Globalizing Water Commons in sub-Saharan Africa: Tensions between Theory and Practice
In most African countries, access to water for both domestic and productive purposes has historically been governed by local rules of access and regulations (mostly community-based). But as from the early 1990s, various African countries have been grappling with implementation of water sector reform programs that deployed the integrated water resources management framework to change thinking about how water commons may be governed, thereby changing rules of access irrevocably at various levels. The integrated water resources management framework that has been deployed to guide these reforms stresses, inter alia, comprehensive river basin management; extensive stakeholder participation; treating water as an economic good; managing the resource at the smallest appropriate spatial scale; water demand management; and sustainable use of the resource. At the same time, there are also many countries in which new water policies and legislation emphasize the need to correct historical imbalances in ownership of the means of production, whilst addressing poverty and inequality among the mostly rural communities. In my talk, I will focus on the key drivers and theories behind the reforms and their practical implications for governance of water commons at local levels. I am aware of several competing objectives, narratives, and tensions in the reform processes that need to be clearly articulated. These include the push for more sustainable governance of water commons whilst enabling higher productivity through more efficient re-allocation and deployment of water resources where they are needed most; and the simultaneous application of statutory and customary law that renders enforcement of IWRM principles quite difficult in practice. These tensions are also a reflection of the difficulties associated with attempts to translate new policy paradigms from the global level to the national level and how this process may be confronted by realities of deep-seated inequities and complex resource access regimes at the local level in sub-Saharan Africa that may not respond to global prescriptions in a predictable way.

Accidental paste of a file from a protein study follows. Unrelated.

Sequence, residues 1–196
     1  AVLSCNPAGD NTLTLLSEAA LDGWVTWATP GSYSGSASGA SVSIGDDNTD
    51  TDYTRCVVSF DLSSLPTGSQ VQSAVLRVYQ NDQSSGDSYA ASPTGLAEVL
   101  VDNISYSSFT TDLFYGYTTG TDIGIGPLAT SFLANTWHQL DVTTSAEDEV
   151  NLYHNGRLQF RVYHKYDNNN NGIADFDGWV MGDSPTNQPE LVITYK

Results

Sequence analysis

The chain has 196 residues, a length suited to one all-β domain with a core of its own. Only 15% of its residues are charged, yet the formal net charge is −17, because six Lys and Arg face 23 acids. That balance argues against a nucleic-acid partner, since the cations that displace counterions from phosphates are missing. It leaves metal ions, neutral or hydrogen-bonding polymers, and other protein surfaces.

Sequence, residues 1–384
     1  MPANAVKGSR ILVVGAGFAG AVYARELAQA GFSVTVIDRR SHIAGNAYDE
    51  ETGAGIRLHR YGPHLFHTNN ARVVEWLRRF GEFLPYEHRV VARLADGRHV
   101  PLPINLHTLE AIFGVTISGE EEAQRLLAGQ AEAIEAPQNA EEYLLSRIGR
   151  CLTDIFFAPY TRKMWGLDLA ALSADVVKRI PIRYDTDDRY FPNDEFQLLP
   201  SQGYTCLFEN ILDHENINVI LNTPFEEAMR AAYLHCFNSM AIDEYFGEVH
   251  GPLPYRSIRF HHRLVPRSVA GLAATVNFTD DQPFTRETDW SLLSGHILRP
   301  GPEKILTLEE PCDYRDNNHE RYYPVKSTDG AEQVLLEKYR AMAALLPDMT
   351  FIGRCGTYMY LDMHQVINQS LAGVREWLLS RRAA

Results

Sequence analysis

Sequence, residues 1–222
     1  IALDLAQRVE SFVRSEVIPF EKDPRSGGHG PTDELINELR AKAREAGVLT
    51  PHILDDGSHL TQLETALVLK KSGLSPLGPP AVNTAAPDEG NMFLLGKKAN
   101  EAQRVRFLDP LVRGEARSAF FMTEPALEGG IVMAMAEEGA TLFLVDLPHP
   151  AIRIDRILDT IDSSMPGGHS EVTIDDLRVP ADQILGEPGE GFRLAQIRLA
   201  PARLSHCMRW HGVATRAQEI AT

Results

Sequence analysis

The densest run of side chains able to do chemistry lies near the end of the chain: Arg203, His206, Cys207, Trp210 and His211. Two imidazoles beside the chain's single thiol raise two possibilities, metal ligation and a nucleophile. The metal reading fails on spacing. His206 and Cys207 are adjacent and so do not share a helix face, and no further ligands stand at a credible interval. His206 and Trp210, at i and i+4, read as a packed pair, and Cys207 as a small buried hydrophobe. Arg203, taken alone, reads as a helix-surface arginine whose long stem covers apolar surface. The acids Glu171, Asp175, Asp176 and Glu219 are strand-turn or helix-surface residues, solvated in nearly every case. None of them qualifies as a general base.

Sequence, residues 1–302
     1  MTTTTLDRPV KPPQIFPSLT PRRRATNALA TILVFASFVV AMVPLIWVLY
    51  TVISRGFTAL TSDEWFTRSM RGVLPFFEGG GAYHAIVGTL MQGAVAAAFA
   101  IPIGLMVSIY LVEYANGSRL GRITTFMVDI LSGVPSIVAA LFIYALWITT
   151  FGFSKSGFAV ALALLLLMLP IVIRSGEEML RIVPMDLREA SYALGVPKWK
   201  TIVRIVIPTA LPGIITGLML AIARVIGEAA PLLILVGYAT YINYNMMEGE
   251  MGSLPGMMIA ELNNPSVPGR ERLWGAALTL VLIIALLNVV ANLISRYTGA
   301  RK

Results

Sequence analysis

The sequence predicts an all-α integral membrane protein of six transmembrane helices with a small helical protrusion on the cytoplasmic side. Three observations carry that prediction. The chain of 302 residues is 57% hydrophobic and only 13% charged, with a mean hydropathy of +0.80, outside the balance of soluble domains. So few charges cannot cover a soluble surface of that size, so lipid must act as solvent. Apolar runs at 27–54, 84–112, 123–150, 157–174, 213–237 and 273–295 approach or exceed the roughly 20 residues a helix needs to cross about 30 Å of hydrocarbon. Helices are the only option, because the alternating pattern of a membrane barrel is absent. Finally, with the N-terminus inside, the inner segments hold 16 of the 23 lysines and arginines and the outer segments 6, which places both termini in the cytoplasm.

About the Speaker
Claudious Chikozho is the Director of Research at the African Population and Health Research Center. His research focuses on commons in Africa, with particular attention on inequality, and governance dimensions of accessing water and sanitation services.